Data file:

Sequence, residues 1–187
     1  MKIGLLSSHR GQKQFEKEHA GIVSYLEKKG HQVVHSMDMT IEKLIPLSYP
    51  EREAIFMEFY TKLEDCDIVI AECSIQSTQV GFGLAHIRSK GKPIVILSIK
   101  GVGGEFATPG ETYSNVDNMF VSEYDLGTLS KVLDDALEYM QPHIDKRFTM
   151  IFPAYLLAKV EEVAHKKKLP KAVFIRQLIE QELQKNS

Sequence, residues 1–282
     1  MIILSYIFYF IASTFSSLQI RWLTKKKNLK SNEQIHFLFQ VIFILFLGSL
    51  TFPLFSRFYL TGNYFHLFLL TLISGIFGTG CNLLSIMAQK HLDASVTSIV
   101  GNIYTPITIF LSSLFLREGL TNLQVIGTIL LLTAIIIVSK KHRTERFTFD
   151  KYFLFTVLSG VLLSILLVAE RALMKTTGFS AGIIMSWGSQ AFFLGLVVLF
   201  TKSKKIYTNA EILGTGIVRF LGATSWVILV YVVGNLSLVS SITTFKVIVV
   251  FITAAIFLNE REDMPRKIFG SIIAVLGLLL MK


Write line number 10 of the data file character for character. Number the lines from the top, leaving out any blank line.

   151  KYFLFTVLSG VLLSILLVAE RALMKTTGFS AGIIMSWGSQ AFFLGLVVLF